Maria Sedletskaya, the chief analyst at the Center agency for strategic development:

Maria Sedletskaya,
chief analyst at the “Center” agency for strategic development: 

“Anadyr is a city of a very peculiar character. You can consider it to be the nation’s remotest city not only because it’s the easternmost city of the Russian Federation lying thousands of kilometers away from the largest cities of the European part of the nation, but also because it’s pretty far away even from the large agglomeration centers of the Far Eastern Federal District and the little towns of the Chukotka Region too. 

One of the things that Anadyr lacks is the entertainment infrastructure and entertainment events for young people aged from 14 to 35, devised outside the so-called “cultural programs” and outside of the walls of the municipal governmental organizations. The lack of informational unity and the territorial isolation of Anadyr, together with the global competition among cities makes the deficit of its “own” youth spaces all the more prominent.

Unlike many other cities of Russia’s Extreme North, the central residential part of Anadyr has a rather compact and human-proportionate plan. The peculiarities of territory development include a large stock of production and storage facilities, a large part of which recently fell into disuse. The territory includes the building of “Hangar” (the former garage), and its reconstruction has a huge potential because it will make it possible to transform the vacant building to meet any of the needs of its potential users”. 

Sergey Georgievsky, CEO of the the agency for strategic development Center:

Sergey Georgievsky,
CEO of the the agency for strategic development “Center”:

We defined the mission of the public space created by us as “creating the optimum conditions for self-realization of young people, their integration into the processes that take place outside the city boundaries, and fostering the culture of social responsibility”. This way, ANGAR must create such an environment that will allow the young people not only to satisfy their various leisure needs but also self-realize themselves in those fields of activity that will be in demand in the future. At the same time, the Mission of the place is broadcast to the outside audience and serves as a basis for gradually increasing the role of the Center – from the level of the city district and Chukotka region to the global level.

In terms of future redevelopment, the most promising territory is the production facilities area in the western part of town, surrounded by residential houses, and a waterfront area with an access to the Anadyr coastal lake – the popular youth location for admiring the sunsets and going for picnics. Including this territory into the life of the city will give an impulse to the development of new kinds of services, will increase the feeling of safety and comfort, and will make it possible to use the territory more effectively, especially if the appropriate engineering infrastructure and transport connection to the city will be maintained”.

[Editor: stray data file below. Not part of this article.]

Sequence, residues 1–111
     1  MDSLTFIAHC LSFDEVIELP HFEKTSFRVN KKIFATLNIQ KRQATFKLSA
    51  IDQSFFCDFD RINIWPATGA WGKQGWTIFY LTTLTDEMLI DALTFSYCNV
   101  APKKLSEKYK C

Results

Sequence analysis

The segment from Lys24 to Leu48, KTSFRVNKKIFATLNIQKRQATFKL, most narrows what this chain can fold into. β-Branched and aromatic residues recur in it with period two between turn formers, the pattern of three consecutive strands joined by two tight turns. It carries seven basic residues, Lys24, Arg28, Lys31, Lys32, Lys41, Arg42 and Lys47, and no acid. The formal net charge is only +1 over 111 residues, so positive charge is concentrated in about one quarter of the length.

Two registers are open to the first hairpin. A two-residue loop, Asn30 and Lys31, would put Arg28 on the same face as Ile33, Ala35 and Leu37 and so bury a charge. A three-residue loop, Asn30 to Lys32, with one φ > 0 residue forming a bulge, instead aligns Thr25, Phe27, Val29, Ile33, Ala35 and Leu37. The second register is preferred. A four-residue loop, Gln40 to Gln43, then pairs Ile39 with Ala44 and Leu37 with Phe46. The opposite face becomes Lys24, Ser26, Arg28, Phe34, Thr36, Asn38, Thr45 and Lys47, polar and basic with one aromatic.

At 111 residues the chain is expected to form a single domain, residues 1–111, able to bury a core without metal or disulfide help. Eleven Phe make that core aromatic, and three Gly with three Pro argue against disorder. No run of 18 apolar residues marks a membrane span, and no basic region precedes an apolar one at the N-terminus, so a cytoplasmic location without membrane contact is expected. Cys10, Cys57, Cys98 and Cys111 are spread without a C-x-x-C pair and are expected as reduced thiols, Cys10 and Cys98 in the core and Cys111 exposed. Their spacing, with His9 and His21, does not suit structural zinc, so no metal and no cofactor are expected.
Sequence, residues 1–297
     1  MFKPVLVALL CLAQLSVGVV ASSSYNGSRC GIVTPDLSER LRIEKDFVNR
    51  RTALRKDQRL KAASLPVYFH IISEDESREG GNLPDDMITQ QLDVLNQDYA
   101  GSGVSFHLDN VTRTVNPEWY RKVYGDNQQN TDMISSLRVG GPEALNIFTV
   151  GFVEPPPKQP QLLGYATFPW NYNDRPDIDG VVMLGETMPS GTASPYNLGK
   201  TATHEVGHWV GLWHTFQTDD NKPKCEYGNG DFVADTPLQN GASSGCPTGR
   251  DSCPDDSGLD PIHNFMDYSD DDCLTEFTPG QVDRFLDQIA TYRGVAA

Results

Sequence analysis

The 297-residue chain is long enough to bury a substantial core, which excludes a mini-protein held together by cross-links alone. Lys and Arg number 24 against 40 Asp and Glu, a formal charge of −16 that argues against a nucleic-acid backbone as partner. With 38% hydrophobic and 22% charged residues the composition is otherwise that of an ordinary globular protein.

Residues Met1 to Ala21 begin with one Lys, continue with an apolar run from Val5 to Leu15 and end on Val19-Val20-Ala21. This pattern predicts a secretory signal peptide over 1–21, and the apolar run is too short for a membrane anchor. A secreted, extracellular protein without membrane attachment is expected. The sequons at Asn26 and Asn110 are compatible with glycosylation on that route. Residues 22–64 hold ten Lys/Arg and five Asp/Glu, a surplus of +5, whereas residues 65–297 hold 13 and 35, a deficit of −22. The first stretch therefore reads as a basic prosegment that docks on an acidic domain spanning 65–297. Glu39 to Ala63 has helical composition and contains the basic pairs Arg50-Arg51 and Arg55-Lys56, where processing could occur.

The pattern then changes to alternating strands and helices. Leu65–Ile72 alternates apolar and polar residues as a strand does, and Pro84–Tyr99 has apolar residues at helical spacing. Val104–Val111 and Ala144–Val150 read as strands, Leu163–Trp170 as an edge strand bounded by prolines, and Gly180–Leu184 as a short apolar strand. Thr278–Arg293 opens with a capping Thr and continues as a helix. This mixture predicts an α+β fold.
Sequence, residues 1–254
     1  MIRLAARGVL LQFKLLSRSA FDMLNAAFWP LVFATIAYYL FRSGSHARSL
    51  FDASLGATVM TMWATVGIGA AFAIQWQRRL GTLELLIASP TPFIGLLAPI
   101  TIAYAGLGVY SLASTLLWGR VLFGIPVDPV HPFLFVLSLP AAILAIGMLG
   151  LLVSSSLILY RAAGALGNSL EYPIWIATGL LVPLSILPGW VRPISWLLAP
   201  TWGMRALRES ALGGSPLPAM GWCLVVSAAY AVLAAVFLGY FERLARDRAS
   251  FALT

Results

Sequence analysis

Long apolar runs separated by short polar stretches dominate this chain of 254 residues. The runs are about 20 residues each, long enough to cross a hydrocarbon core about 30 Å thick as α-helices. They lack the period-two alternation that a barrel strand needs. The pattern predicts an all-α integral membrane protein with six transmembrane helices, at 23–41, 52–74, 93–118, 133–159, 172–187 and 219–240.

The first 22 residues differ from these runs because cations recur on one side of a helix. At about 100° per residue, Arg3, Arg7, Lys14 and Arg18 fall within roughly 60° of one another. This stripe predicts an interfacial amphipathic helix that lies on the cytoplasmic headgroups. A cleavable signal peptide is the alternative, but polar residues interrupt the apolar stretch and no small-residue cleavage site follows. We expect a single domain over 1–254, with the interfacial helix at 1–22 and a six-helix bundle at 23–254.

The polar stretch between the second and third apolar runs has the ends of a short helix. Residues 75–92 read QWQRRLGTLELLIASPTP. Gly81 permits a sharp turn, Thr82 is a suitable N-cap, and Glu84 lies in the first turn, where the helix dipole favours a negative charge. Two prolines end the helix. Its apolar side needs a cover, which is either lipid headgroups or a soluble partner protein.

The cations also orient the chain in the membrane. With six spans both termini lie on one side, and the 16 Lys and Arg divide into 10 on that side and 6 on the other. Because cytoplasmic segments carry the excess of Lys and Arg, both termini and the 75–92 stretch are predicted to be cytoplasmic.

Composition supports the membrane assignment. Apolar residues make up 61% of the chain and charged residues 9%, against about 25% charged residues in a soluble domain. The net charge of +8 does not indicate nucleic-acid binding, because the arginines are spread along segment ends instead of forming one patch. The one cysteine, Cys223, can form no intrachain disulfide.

The architectural concept of ANGAR youth culture center, 2019
The architectural concept of ANGAR youth culture center, 2019
Copyright: MAParchitects / “Center” agency research

More about the project, though! Having gathered all the information and requests, in order to develop a full-fledged architectural proposal, the “Center” agency invited MAParchitects, whose task was to turn a rank-and-file hangar, built from large reinforced concrete panels, into a warm, cozy, and modern building, noticeable from a distance and attractive, suitable for the development of modern youth culture, multifunctional and transformable, and also not devoid of signs of its previous life, which became an indispensable part of today’s approaches to reconstructing industrial buildings. Such buildings must become convenient, at the same time keeping up their unique identity. 

Alexander Poroshkin, the leader of the architectural company MAParchitects:

Alexander Poroshkin, 
leader of the architectural company MAParchitects:

“When we were working on the project of this all-season youth center, it was crucially important for us to keep up the authenticity of this building, its industrial past, making for the people of Chukotka a so-called “third place” – a place where they could come to in order to have a great time with their friends, maybe listen to a lecture, develop their communicative skills, make their creative plans become a reality and generally diversify their leisure. The future ANGAR center, in addition to its main function, will also become an eventful place that accumulates the young people’s energy and enthusiasm and turns them into useful initiatives”. 

Thus, the two most noticeable techniques are determined by the search for an aesthetically pleasing and vibrant image coupled with the down-to-earth heat-insulated walls. The latter is ensured by sandwich panels filled with mineral cotton; a layer of such panels will cover the concrete walls of the hangar, and on the outside the walls will be covered by a grid of punch metal panels, capable of handling some of the wind load, and at the same performing a decorative function. The brightness is also ensured by the contrast between the snow-white walls and the warm red color of the entrance group and the minor volumes. Generally speaking, ANGAR must ultimately look like a rectangular block cut out from snow with an entrance looking like a conditional fireplace, warm and attractive like any housing in these cold latitudes – something that is archetypal for these parts.